When I was 3 or 4, my dad hung a model of a P-40 Warhawk fighter plane in my room. It was one of the Flying Tigers’ planes from World War II with the bad-ass shark mouth painted on the nose. It’s one of my earliest memories and probably what got me hooked (get it?) on hanging stuff from the ceiling. Ever since, I’ve always liked to take my decorating into the 3rd dimension, so to speak.
At our previous house, the master bedroom morphed into what became The Nerd Cave, Version 1.0 not long after we moved in. I soon thereafter discovered 1/18 scale aircraft models from (now apparently out-of-business) 21st Century Toys. I fell in love and started hanging them up like it was going out of style. If you don’t know, 1/18 scale makes for a pretty large model. I ended up adding 1/48 & 1/32 scale planes and had about 20 hanging when the house burned down.
After my wife turned over the empty extra bedroom of our new home to me a year and a half ago, the only condition she placed on me was that I couldn’t hang up any airplane models. To be honest, I didn’t know she hated them so much. If I recall correctly, she explained that she thinks they look tacky. If by “tacky,” she mean’s “totally freakin’ awesome,” then I get what she’s saying. Of course, she put no such condition on my son’s room, so I happily used the earmarked insurance money from my lost models to deck his room out like a miniature version of the Air & Space Museum. Here’s a pic of what he has going on today. You’ll note some bare spots awaiting future acquisitions.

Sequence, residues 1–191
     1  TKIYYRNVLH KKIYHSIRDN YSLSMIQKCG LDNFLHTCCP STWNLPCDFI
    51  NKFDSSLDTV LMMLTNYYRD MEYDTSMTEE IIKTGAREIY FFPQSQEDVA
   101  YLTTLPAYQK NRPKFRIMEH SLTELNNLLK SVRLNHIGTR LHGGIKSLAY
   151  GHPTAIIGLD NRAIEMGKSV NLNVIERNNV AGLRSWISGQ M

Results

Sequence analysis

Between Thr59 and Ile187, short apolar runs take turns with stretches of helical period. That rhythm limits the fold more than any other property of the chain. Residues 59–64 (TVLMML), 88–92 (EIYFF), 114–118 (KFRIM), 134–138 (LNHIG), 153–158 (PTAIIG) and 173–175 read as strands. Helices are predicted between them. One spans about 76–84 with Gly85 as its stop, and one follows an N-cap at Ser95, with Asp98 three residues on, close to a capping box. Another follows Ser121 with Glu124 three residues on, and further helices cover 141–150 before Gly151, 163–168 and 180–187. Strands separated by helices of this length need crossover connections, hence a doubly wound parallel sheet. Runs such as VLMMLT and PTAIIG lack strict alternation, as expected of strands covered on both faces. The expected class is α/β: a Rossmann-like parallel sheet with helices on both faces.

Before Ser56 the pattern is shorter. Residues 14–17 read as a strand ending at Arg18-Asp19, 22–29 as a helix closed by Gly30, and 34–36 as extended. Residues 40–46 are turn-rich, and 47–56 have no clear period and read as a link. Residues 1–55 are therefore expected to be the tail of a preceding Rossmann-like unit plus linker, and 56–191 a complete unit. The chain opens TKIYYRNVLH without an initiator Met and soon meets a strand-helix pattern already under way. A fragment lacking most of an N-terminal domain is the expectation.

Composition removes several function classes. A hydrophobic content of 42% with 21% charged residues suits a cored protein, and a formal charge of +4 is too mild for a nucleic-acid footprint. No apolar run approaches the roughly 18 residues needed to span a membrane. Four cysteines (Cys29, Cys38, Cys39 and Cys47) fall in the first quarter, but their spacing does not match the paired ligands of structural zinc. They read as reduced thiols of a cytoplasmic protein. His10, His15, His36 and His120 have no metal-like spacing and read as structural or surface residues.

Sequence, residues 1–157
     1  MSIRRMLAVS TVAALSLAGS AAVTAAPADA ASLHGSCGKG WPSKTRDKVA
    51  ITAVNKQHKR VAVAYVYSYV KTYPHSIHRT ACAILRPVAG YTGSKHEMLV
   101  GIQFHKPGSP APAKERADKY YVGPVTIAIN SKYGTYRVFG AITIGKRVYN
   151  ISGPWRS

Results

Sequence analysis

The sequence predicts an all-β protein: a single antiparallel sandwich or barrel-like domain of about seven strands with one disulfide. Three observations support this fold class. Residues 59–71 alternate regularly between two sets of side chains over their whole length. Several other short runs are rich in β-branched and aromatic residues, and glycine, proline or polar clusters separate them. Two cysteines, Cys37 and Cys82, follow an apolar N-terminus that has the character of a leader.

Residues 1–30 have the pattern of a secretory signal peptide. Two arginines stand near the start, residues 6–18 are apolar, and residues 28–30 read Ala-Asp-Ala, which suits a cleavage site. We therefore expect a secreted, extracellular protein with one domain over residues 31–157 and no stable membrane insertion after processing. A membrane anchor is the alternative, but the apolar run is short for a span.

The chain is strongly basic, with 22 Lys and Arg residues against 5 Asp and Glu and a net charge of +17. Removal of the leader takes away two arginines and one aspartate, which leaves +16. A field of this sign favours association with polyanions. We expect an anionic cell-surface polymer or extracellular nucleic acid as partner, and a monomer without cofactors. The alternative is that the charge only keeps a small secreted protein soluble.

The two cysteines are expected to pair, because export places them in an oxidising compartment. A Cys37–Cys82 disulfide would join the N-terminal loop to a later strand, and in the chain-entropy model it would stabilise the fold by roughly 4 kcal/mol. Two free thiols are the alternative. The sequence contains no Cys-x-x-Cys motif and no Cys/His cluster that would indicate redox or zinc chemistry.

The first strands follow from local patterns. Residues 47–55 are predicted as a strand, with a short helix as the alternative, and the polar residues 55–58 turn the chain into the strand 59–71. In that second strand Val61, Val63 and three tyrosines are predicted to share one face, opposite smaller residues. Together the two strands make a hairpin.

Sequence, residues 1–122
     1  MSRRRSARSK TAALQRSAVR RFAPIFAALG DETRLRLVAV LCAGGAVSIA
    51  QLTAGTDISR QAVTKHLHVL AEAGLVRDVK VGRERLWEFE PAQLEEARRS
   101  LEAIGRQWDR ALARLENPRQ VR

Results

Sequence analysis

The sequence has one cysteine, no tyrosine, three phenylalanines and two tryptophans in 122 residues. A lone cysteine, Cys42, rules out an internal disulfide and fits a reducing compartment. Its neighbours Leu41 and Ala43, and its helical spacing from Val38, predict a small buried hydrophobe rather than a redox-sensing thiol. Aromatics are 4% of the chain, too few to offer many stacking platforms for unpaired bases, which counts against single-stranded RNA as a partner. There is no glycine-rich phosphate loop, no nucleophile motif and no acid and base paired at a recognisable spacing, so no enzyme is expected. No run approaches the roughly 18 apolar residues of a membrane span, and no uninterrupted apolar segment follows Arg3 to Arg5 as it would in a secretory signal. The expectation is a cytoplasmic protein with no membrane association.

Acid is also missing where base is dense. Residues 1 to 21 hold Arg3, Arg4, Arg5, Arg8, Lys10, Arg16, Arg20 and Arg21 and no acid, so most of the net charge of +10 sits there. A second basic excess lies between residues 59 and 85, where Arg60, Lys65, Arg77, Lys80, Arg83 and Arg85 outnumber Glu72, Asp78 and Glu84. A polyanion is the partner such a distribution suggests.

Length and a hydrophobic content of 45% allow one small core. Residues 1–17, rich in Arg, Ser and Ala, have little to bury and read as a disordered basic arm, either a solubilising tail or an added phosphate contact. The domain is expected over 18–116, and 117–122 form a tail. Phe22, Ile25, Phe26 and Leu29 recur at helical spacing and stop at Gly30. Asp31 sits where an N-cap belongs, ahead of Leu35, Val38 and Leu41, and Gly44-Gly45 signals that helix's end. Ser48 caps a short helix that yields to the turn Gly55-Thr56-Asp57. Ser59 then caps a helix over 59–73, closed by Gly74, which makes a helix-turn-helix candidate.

Getting back to the Nerd Cave, I’ve filled up about 90% of available wall space with some great art, sculptures, etc. Yet the ceiling remains untouched. It sits there…bare and desolate…mocking me. While I may or may not have actually agreed to the “no airplane” condition…I frankly don’t recall…she certainly never said anything about space ships, rockets, or UFOs. She’s now arguing that she meant, “Don’t hang anything,” but as anyone familiar with the rules of the Wish spell in Dungeons & Dragons knows, you have to be very specific. Besides, can we really trust someone whose story keeps changing? And it is my room at the end of the day. If you no likey the planes, you don’t need to enter.
Since I’ve been either too lazy or too busy (or a little of both) to get any models built since moving into the new place, I decided to go with a couple of pre-fabbed models for my inaugural hanging. I found these sweet Klingon Bird of Prey and Enterprise models on eBay for a nice price and jumped on them like Gordon Ramsay on an under-cooked scallop. Besides just looking cool, they light up. And if you’re a regular reader of my blog, you know I loves me some lights.